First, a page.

My wife often tells me that I am in hot water. Actually, in most cases, that is an expression that refers to my poor behavior versus anything to do with water.
However, in the course of doing home inspections in Bellingham and Whatcom county, I often find water heaters that are set too hot -- the water temperature set so high as to lead to a high probability of a scalding burn.
In this photo, the water is almost 137 degrees F. To reduce the probability of a scalding burn, water should be set no higher than 120 degrees F. In order to get a burn, at 120 degrees, it takes several seconds. However, the higher the temperature is, over 120 degrees, the less exposure it takes to cause a serious burn that will require medical attention.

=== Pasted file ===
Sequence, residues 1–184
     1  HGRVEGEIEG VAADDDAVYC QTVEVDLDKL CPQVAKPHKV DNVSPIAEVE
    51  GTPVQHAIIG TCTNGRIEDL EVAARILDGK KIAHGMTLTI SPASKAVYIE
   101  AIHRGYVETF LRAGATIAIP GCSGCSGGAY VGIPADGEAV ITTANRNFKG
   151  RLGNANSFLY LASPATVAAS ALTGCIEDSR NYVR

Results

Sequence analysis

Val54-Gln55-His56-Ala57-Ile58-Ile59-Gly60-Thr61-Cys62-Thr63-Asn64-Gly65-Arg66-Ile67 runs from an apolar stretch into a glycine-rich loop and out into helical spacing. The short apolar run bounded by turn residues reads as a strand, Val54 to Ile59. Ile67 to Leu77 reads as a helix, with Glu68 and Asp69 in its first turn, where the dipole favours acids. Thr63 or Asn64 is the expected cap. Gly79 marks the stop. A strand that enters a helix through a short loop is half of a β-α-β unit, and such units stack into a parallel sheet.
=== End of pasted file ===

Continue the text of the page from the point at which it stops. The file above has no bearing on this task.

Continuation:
Water temperature can vary, depending on how recently the tank heated, so homeowners should check the hot water periodicially with a meat thermometer and have it adjusted so as to never exceed 120 degrees F. Usually, with a gas hot water heater, setting the temperature is as simple as turning a dial. At an electric water heater, a person is potentially exposed to high voltages at the internal thermostats, so setting such a tank should be done by a qualified person.